Impact Factor 7.561 | CiteScore 8.1
More on impact ›


Front. Immunol., 16 March 2021 |

Male Sex Bias in Immune Biomarkers for Tuberculosis

  • 1TB Team, Department of Respiratory Medicine, Homerton University Hospital, London, United Kingdom
  • 2Faculty of Infectious and Tropical Diseases, London School of Hygiene and Tropical Medicine, London, United Kingdom
  • 3Blizard Institute, Barts and The London School of Medicine and Dentistry, Queen Mary University of London, London, United Kingdom

Males have a bias toward developing sputum smear-positive pulmonary tuberculosis, whereas other forms of the disease have an equal sex ratio. Immune responses are known to be affected by estrogen and testosterone. Biomarkers may therefore be affected by these hormones, especially between 16 and 45 years of age when the differences are most marked. Using large data sets, we examined whether the male bias was significant in terms of diagnosis or predictive ability for the development of disease in those exposed to tuberculosis. Despite the large numbers, the need to specify homogeneous population groups for analysis affected the statistical power to discount a useful biomarker. In general, males showed higher interferon-gamma responses to TB antigens ESAT-6 and CFP-10, whilst females had stronger tuberculin responses in those with sputum smear- and culture-positive tuberculosis, but smaller responses in those who were screened for tuberculosis and who did not develop disease. Importantly, in contacts of sputum smear-positive pulmonary tuberculosis, more males who did not develop tuberculosis had tuberculin skin tests in the range between 10 and 14 mm, suggesting that sex-specific cut-offs might be better than general cut-off values for determining who should receive preventive treatment. Immunocytochemistry of the tuberculin responses correlated with cell numbers only in females. Total and anti-lipoarabinomannan IgM antibody levels were lower in males, whereas total and anti-BCG IgE antibody levels were higher. Evaluation of biomarkers should take account of the spectrum of tuberculosis and male sex bias for sputum smear-positive pulmonary tuberculosis. These findings improve our understanding of how immune responses contribute to the pathogenesis of infectious tuberculosis as well as suggesting clinical applications of the differences between the sexes.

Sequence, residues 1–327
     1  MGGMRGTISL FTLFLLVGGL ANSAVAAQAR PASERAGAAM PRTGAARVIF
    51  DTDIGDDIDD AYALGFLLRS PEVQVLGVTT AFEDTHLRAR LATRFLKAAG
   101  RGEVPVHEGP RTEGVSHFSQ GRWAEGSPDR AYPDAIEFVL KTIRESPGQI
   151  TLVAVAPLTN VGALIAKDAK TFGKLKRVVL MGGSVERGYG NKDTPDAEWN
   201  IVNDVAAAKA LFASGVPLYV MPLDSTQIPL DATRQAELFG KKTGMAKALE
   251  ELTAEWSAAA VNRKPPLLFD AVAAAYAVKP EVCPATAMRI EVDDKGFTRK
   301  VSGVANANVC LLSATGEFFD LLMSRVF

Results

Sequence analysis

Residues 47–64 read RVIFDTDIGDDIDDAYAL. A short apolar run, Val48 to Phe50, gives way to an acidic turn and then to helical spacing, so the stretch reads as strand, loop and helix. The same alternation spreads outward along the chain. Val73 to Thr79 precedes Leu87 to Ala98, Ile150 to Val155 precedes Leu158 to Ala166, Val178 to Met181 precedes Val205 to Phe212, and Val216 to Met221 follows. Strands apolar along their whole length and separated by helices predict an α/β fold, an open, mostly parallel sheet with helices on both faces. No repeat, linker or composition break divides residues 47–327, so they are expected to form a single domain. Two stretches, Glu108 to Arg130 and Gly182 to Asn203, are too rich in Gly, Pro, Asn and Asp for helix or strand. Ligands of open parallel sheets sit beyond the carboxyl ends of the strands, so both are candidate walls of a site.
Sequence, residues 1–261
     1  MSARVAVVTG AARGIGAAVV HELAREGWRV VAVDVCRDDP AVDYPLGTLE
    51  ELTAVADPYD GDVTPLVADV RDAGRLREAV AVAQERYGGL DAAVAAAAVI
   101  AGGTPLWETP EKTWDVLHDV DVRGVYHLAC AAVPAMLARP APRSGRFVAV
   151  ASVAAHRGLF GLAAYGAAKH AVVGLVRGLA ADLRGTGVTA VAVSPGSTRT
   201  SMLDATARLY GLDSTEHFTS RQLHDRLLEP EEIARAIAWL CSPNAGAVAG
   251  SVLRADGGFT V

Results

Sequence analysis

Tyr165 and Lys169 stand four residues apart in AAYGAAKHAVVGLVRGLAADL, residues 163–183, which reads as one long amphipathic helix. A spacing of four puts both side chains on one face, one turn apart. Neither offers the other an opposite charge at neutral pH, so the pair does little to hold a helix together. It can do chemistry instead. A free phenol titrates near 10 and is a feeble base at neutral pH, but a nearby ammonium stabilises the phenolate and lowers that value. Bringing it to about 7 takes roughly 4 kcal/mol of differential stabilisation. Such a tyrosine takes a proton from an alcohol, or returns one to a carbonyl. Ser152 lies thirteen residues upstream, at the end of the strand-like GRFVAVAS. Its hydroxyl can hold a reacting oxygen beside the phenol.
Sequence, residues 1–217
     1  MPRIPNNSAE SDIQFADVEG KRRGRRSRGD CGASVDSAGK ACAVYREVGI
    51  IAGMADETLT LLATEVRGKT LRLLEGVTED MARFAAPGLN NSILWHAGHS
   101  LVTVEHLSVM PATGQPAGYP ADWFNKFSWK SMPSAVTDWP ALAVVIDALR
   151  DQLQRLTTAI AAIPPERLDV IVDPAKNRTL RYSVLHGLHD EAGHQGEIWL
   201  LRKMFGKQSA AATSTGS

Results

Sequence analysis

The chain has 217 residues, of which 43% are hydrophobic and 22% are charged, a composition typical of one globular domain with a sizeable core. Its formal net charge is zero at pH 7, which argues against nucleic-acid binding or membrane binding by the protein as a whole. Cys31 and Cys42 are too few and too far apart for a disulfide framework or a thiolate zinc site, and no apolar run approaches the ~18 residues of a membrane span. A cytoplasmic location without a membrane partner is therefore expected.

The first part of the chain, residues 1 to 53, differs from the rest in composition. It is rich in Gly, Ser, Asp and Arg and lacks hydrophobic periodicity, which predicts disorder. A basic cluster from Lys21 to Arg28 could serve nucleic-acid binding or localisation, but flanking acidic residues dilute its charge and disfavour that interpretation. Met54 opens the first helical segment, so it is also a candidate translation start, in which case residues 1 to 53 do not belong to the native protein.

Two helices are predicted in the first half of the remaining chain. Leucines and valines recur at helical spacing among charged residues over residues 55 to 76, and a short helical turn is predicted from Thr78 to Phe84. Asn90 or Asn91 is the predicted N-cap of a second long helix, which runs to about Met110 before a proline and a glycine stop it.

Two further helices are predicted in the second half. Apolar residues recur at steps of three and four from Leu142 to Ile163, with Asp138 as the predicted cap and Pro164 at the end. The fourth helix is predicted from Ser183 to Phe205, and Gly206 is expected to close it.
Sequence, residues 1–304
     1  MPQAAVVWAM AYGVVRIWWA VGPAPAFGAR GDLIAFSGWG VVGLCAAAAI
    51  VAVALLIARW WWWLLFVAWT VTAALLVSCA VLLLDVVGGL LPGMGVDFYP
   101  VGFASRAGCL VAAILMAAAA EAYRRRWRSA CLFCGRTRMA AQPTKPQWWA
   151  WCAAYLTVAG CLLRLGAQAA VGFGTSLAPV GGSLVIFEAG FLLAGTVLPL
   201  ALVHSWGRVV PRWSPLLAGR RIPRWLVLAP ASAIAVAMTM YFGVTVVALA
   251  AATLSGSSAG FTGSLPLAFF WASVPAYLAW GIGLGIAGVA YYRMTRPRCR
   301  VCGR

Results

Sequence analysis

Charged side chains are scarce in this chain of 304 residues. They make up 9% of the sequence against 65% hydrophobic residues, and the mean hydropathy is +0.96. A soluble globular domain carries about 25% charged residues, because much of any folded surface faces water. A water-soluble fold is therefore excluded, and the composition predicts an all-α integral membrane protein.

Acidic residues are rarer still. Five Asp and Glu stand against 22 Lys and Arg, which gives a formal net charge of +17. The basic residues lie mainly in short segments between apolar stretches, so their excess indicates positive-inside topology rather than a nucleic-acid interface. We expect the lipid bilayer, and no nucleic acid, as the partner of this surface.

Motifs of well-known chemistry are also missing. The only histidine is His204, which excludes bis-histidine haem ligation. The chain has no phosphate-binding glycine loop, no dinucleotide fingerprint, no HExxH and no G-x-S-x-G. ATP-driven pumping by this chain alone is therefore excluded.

Biomarkers are “intended as substitutes for a clinical endpoint… to predict clinical benefit (or harm) based on … scientific evidence” (1). In tuberculosis, mycobacterial culture and identification of the species is the gold standard for diagnosis. The detection of DNA (e.g., Xpert MTB/RIF) or proteins (e.g., MPT64) found only in Mycobacterium tuberculosis (Mtb) can be seen as part of this process. One step removed is to use the immune system to amplify the signal, by measuring immune responses from T cells (e.g., interferon-gamma release assays, IGRAs) or B cells (antibody to epitopes or antigens restricted to Mtb). The next step removed is to measure T cell or antibody responses to antigens that contain both specific and cross-reactive antigens (tuberculin purified protein derivative—PPD, Antigen60 or sonicated extracts of Mtb). A further step back may measure total antibody levels or inflammatory markers. Such proteomic measures may be involved in the causal outcome (clinical disease requiring treatment), to distinguish those forms of tuberculosis (TB) which require treatment compared to those that do not. Proteomic measures parallel clinical judgment from chest radiographs and symptoms, all of which may recommend further medical specific investigations for TB. However, at this distance from the causative organism, such markers may also represent tissue damage or be merely bystanders.

The term “subclinical disease” is variously used to identify those who have TB disease but either have no symptoms or who were only identified by active case finding. Clinicians would also use this term for those who present with negative bacteriology and a normal chest X-ray, who later develop active disease, e.g., those detected in contact tracing who then over the period of observation (usually 60–90 days after their first visit) develop disease that can be diagnosed microbiologically. This form of disease is common in those with HIV infection, where treatment with antiretroviral therapy (ART) reveals active TB. Separate to this category are those close contacts of an infectious case of TB who show immunological evidence of exposure to Mtb (loosely term latent tuberculosis infection—LTBI) and are offered preventive treatment or radiological follow-up over a year. “Incipient” tuberculosis, where there is “metabolic activity to indicate ongoing or impending progression of infection” (2), would include those with LTBI and raised inflammatory markers, including cytokines, or a signature transcriptome or metabolome. The term “diagnostic utility” includes identifying new cases of active TB for full treatment, those with recent contact and those screened for TB who are most likely to develop active for preventive treatment (better termed “prognostic utility”), and those where a combination of immunological, transcriptomic and proteomic tests suggests “incipient” TB for a clinical decision as to the mode of treatment.

The hypothesis was that immune responses known to be affected by estrogen and testosterone might affect the level and diagnostic utility of a biomarker especially in sputum smear- and culture-positive tuberculosis (S+PTB), where the male to female sex-ratio is of the order of 2:1 (3–8, and annual reports thereafter). In this analysis, the influence of sex-specific effects on T cell and antibody responses will be explored using data from publications whose purpose was to establish the role of these biomarkers in predicting or establishing a diagnosis of active TB.


Data Sources